Discussion about this book on my blog: http://www.fantasyfloozies.com/2013/08/book-of-month-chat-gameboard-of-gods-by.html.
This was my blog's July book of the month, so a chat discussion between me and three other reviewers will be posted on my blog in about a week. Spoiler: it appeared that none of us particularly enjoyed it.
I've been going back and forth about whether to write my own review on this, separate from what I said in our soon-to-be-posted discussion. In the end, I've decided to do a sort of mini-review.
There were some great things and some not so great things about this book. Let's start with the great things, because I'm feeling generous. There is some pretty complex world-building here. The various regions of the world have created different alliances and cultures than we have in reality. Most of the story takes place in the RUNA, which appears to be North America or thereabouts. The RUNA is big on their high-tech. Some of the citizens who come from smaller, purer gene pools suffer from a genetic disease. The lower classes have to follow breeding guidelines, which help them to avoid this disease. And since the story starts outside of the RUNA, there is plenty of opportunity to contrast RUNA culture with elsewhere culture. Mead created a brand new world here, and I appreciate that.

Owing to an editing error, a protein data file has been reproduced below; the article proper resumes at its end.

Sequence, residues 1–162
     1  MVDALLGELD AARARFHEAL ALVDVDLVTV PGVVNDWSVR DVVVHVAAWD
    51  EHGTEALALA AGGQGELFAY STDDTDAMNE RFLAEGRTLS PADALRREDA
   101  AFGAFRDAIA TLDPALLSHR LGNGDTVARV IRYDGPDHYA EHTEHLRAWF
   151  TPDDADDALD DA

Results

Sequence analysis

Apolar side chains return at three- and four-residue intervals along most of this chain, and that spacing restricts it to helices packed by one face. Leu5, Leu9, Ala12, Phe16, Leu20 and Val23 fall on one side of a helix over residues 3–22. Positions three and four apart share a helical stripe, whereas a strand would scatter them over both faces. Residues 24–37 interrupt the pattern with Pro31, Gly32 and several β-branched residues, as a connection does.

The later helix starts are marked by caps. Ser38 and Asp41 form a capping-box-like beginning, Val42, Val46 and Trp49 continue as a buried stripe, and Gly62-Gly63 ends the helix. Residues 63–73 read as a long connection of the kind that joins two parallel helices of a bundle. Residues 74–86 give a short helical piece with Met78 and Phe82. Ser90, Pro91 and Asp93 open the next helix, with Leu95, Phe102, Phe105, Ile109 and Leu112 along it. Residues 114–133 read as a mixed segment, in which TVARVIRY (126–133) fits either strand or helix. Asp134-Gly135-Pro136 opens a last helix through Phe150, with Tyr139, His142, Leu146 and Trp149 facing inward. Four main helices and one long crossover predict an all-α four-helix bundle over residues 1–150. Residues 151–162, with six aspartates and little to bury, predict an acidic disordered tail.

Another plus is that there's a sex scene pretty early in the book. :)
Now the negatives: The world-building, as extensive as it was, was also disorganized. Lots of terms were made up (as expected), and in some cases, multiple terms were used to refer to same things. Given that there was a lot about the world that needed to be presented, it would have been nice if there had been some effort to stick to common terms throughout. Perhaps some of the made-up terms could have been more clearly based on well-known words, or the duplicate-meaning terms could have been nixed. Also, for most of the story, I wondered: What's the point of all these details?
In the end, most of the details came together, and they were pretty much all relevant to the conclusion. But if I spend 75% of a story thinking "So what?" I think that's an issue.
There were three POV characters: the hero, the heroine, and some random kid. I kept waiting for the kid's POV to be relevant. It never was, as far as I could tell.
Now I have things to say about the romance. Okay, I have only one thing to say: lukewarm. I just didn't feel the heat. All the frustration I was supposed to feel that these two people couldn't stop upsetting each other--I felt that. But there wasn't any heat in their arguments. There wasn't any of that I-hate-you-but-I-totally-wanna-do-you tension. There were just two people who believed they were attracted to each other but couldn't be honest about it.
Okay, so this didn't turn out to be a mini
-review after all.